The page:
This has been swirling around in the vast empty expanses of the inside of my head for a few weeks now; it comes up again whenever I hear another story about members of Congress not doing one of their basic jobs, providing for the smooth operation of our federal government.

The House and Senate are supposed to pass a budget to fund operations of the federal government, but they haven’t done so in years.  They’ve passed a series of continuing resolutions, which essentially renew the previous spending plan for government departments.  Today is the last day of the federal government’s fiscal year, the day the previous budget plans expire.  You’d think Congress would take care of that, right?  In fairness, most members of Congress want to pass new spending legislation, but they’re being stymied by extremist Republican/Tea Party members who are still fighting the fight over the Affordable Care Act.  Obamacare.

The president’s signature piece of legislation overhauling the way we provide and pay for health care insurance in this country was approved by Congress after a terrific fight; the law has since been found by the Supreme Court of the United States to be constitutional.  Like a lot of laws, this one doesn’t enjoy the full support of everyone in the country, but it did win support of a majority in Congress and on the Supreme Court, and that’s what it needs to become the law of the land.  It’s a big victory for President Obama, maybe his biggest.

So, why…why, why why, in the wide wide world of sports, do the extremist Republicans think they can convince the president to just give it up?  Because that’s’ what they’re doing right now.

It is Congress’ responsibility to pass the spending legislation, no one else can do it for them; but the extremist Republicans in the House (to this point) will only pass a spending plan that specifically cuts out funding for the new health care insurance law.  Surprise, surprise: the Democrats in the Senate refuse to accept that, and they pass legislation that funds Obamacare and send it back to the House.  Stalemate.

So the extremist Republicans offer a compromise, promising to pass a bill to fund the government if the president and the Senate will agree to delay implementation of the ACA.  And I ask, again: why the hell would they agree to that?

I get it, extremist conservatives don’t like the new law.  Why they’re so vehemently opposed to it is not the point right now; the point, I believe, is that it’s insane for them to think that threatening to hold their breathes until they turn collectively blue is a viable strategy to either force or persuade their political opponents to hand over the marbles they won fair and square.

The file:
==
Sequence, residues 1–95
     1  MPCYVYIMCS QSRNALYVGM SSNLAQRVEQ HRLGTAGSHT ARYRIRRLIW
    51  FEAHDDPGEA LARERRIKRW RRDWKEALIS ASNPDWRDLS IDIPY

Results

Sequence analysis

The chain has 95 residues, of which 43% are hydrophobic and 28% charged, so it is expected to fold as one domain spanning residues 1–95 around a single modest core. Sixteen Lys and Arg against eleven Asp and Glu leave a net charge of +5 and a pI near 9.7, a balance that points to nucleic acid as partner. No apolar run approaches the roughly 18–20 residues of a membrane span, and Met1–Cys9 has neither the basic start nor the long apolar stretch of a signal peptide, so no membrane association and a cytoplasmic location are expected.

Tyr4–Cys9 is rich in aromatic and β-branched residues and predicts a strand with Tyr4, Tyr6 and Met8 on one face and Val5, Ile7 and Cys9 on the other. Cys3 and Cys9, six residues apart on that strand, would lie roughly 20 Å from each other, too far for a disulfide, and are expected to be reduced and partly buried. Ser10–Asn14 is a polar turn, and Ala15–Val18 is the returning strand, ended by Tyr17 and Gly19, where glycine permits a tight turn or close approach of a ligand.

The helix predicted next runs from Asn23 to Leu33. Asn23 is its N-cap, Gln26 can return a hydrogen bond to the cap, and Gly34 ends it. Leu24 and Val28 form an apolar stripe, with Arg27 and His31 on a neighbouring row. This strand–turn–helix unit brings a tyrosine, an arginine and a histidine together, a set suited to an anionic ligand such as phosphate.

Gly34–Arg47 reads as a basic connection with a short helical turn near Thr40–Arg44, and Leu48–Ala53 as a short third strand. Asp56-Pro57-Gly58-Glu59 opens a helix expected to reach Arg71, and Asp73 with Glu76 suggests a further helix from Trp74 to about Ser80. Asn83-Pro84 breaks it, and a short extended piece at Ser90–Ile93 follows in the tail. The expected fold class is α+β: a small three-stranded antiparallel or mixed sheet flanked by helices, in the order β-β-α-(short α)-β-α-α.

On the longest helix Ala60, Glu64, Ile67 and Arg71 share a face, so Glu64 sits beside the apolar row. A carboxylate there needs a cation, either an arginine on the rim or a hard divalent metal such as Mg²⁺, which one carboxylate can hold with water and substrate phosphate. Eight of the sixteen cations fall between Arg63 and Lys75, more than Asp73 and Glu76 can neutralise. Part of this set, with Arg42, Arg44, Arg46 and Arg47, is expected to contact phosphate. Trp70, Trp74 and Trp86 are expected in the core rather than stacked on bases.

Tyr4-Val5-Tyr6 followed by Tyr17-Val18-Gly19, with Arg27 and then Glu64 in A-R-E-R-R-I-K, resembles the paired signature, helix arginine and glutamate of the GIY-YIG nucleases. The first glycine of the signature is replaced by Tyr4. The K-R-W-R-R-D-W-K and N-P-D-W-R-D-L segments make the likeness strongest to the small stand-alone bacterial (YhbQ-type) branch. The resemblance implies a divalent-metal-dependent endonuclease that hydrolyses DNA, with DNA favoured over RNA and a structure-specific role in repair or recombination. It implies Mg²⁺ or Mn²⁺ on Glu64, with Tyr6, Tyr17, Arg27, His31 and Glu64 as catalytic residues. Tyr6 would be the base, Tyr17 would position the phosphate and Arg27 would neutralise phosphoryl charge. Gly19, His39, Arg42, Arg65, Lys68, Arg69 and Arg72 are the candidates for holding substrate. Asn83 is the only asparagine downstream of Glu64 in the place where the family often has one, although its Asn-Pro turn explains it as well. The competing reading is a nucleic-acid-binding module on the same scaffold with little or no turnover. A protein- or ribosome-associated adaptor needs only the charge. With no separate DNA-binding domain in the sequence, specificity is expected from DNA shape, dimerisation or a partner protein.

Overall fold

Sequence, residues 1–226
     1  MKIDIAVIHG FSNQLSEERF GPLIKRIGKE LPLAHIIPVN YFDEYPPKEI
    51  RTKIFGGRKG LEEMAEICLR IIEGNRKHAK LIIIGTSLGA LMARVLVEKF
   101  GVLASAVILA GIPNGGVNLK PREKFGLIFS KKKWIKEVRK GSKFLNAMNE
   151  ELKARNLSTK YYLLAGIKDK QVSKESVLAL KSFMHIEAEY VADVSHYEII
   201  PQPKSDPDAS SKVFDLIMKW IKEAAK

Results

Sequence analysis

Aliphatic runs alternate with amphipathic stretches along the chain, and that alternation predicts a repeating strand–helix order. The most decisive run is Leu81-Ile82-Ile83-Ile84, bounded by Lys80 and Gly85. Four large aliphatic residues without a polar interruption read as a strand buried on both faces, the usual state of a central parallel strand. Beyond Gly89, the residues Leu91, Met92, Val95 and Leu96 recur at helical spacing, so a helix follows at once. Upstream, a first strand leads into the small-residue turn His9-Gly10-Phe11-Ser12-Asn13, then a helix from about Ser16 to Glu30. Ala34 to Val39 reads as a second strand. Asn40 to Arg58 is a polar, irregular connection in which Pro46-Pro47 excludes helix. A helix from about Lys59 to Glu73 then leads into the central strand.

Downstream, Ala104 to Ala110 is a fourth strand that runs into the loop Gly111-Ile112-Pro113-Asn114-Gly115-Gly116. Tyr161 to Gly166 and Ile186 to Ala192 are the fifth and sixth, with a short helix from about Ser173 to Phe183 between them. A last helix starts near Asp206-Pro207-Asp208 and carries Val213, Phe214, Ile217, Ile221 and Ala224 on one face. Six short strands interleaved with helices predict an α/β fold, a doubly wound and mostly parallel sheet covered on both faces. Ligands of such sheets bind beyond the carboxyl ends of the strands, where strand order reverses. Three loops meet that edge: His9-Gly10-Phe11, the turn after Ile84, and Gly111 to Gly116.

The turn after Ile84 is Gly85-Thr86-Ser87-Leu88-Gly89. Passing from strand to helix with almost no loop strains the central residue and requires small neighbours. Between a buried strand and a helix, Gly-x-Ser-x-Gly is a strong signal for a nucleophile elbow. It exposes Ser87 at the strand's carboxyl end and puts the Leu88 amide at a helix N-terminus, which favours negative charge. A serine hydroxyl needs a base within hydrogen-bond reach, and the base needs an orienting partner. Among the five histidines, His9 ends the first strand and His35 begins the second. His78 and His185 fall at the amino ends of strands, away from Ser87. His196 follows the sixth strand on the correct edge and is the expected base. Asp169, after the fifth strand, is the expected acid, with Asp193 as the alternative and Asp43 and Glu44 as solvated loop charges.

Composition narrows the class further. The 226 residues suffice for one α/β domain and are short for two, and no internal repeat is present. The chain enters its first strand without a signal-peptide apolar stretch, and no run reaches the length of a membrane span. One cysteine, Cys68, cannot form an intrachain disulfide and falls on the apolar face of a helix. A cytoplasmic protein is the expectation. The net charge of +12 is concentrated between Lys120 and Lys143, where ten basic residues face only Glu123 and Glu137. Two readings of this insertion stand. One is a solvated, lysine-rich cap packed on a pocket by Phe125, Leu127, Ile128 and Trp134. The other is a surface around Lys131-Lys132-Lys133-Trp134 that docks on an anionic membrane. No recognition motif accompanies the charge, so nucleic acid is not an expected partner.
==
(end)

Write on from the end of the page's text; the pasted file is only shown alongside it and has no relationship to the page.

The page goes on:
In a negotiation, in an attempt to come to a compromise solution, one side offers the other something it wants in return for a concession, and they trade offers back and forth until they (hopefully) come to an agreement.  Here, the extremist Republicans aren’t offering the other side something it wants in an effort to come to an agreement…in fact, the thing the other side wants in this case—a new spending plan—is something the Congress is bound by law to provide, no negotiation required.  Instead, the extremist Republicans are threatening to take action (or more accurately for this case, inaction) that will hurt EVERYBODY if they don’t get their way.

I ran across a very interesting short blog post by James Fallows at The Atlantic this morning, in which he distills important points that I think we should all keep in mind as we consider the on-going dysfunction in our government and our politics in the last generation or so: the only fight that really matters today is the one within the Republican Party, and that we are cruelly disserved by any alleged “journalism“ that doesn’t see that and report it plainly.

…the fight that matters is within the Republican party, and that fight is over whether compromise itself is legitimate.** Outsiders to this struggle — the president and his administration, Democratic legislators as a group, voters or “opinion leaders” outside the generally safe districts that elected the new House majority — have essentially no leverage over the outcome. I can’t recall any situation like this in my own experience, and the only even-approximate historic parallel (with obvious differences) is the inability of Northern/free-state opinion to affect the debate within the slave-state South from the 1840s onward. Nor is there a conceivable “compromise” the Democrats could offer that would placate the other side.

(snip)

This isn’t “gridlock.” It is a ferocious struggle within one party, between its traditionalists and its radical factions, with results that unfortunately can harm all the rest of us — and, should there be a debt default, could harm the rest of the world too.

Check out his post for links to some of the journalists Fallows believes are reporting the real heart of the problem…I plan to do that tomorrow if the furlough begins and I find myself with extra time on my hands.